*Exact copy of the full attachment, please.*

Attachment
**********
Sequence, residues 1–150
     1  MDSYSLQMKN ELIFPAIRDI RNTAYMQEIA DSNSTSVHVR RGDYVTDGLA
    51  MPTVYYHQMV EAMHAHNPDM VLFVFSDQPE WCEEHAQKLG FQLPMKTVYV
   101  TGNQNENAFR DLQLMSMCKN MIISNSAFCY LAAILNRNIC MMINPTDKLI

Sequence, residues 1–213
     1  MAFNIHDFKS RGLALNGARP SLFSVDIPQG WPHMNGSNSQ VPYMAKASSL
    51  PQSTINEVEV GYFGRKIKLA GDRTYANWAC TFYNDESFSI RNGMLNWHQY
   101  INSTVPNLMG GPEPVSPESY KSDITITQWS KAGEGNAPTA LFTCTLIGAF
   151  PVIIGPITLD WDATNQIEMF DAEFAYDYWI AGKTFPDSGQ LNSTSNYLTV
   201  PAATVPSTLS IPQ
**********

Sequence, residues 1–150
     1  MDSYSLQMKN ELIFPAIRDI RNTAYMQEIA DSNSTSVHVR RGDYVTDGLA
    51  MPTVYYHQMV EAMHAHNPDM VLFVFSDQPE WCEEHAQKLG FQLPMKTVYV
   101  TGNQNENAFR DLQLMSMCKN MIISNSAFCY LAAILNRNIC MMINPTDKLI

Sequence, residues 1–213
     1  MAFNIHDFKS RGLALNGARP SLFSVDIPQG WPHMNGSNSQ VPYMAKASSL
    51  PQSTINEVEV GYFGRKIKLA GDRTYANWAC TFYNDESFSI RNGMLNWHQY
   101  INSTVPNLMG GPEPVSPESY KSDITITQWS KAGEGNAPTA LFTCTLIGAF
   151  PVIIGPITLD WDATNQIEMF DAEFAYDYWI AGKTFPDSGQ LNSTSNYLTV
   201  PAATVPSTLS IPQ